Q. Will my gear be affected by freezing-cold conditions?

Published in SOS March 2010
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My studio gear is currently set up inside my garage, and lately it has been freezing cold inside. Though there is no surface moisture on the gear (so I am assuming that nothing is condensing), I am worried that my gear could be affected by sub‑zero temperatures overnight.

Walking into a very cold studio is never very inspiring, especially if the change in temperature once the room starts to warm up could damage your equipment. Investing in a heater to keep the studio at a reasonable temperature during the winter could be a very wise move.

Via SOS web site

SOS Technical Editor Hugh Robjohns replies: If you look at the specifications for any piece of electronic equipment (normally printed in the handbook or available on‑line), you will usually see a specification for the acceptable storage and operating temperature ranges (and sometimes a figure for acceptable humidity too). The range of temperatures in which a product can be stored is usually significantly wider than that in which it can be operated, and both are generally wider than the range of temperatures typically experienced in the UK.

So the short answer is that for most people it is unlikely that their equipment will suffer damage overnight just because of cold temperatures. Be aware, however, that a lot of plastics do become significantly stiffer or more brittle in the cold, so cables will be less flexible and plastic components are more likely to break. This is more likely to be an issue with tape and video recorders, or other machines with moving parts, than with computers and mixers, but worth bearing in mind all the same.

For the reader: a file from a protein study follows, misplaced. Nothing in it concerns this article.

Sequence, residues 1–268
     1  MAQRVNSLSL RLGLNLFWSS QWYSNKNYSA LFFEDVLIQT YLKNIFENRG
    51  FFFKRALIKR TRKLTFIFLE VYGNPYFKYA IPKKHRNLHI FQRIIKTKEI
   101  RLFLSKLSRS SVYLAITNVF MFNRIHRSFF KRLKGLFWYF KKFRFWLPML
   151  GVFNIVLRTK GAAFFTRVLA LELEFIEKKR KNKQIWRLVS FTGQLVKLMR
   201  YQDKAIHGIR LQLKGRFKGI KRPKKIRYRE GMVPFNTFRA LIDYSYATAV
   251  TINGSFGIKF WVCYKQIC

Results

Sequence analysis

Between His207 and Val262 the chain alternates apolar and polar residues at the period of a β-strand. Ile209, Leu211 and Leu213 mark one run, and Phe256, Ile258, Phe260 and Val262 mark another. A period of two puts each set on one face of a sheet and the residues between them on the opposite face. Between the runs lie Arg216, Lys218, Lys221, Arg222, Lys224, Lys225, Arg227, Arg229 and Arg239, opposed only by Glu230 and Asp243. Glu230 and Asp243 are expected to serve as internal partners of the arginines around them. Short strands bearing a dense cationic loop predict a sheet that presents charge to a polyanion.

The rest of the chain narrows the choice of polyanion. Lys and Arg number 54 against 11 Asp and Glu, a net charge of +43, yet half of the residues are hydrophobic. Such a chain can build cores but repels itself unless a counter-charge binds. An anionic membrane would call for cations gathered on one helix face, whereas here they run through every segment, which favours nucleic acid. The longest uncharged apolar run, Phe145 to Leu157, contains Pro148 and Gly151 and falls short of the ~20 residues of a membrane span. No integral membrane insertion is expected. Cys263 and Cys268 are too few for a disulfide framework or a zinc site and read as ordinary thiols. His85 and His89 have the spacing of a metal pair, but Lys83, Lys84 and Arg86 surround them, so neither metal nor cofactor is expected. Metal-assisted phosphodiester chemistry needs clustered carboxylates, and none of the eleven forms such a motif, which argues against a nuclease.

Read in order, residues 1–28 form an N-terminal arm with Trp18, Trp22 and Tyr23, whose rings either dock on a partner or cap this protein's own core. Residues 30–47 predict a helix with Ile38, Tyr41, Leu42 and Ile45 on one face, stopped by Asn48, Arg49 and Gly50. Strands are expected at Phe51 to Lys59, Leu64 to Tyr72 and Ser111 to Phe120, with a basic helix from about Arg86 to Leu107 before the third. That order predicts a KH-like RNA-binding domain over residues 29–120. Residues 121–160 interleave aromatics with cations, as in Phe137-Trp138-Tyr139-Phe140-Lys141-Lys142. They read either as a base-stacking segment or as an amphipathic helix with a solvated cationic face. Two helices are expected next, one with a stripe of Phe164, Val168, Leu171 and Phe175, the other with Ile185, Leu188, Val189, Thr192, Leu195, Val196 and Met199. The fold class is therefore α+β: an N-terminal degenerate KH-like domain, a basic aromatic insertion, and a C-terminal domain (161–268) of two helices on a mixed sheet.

Humidity is usually a more serious problem, though, and you are right to be more concerned about that. Condensation forms when warm, humid air comes into contact with something much colder, taking that air below the dew point. I wouldn't expect to see condensation on the equipment in the morning because both air and equipment will be at the same temperature. The problem will come when the air in the room starts to heat up (because of the heat from your body, the room lighting and any equipment you switch on), but the equipment remains cold (initially, at least). The condensation that forms can cause all manner of electrical problems, ranging from potentially very serious electrical short-circuits at one extreme to annoying intermittent computer glitches at the other, and mechanical problems such as rust and corrosion.

The best approach is to keep the room comfortably above the dew point by having some form of safe low‑level background heating overnight. A night storage heater or an oil‑filled electric radiator is probably the best solution — and it's always more pleasant and inspiring to walk into a studio that has some residual warmth than trying to become motivated in a freezing‑cold room!  

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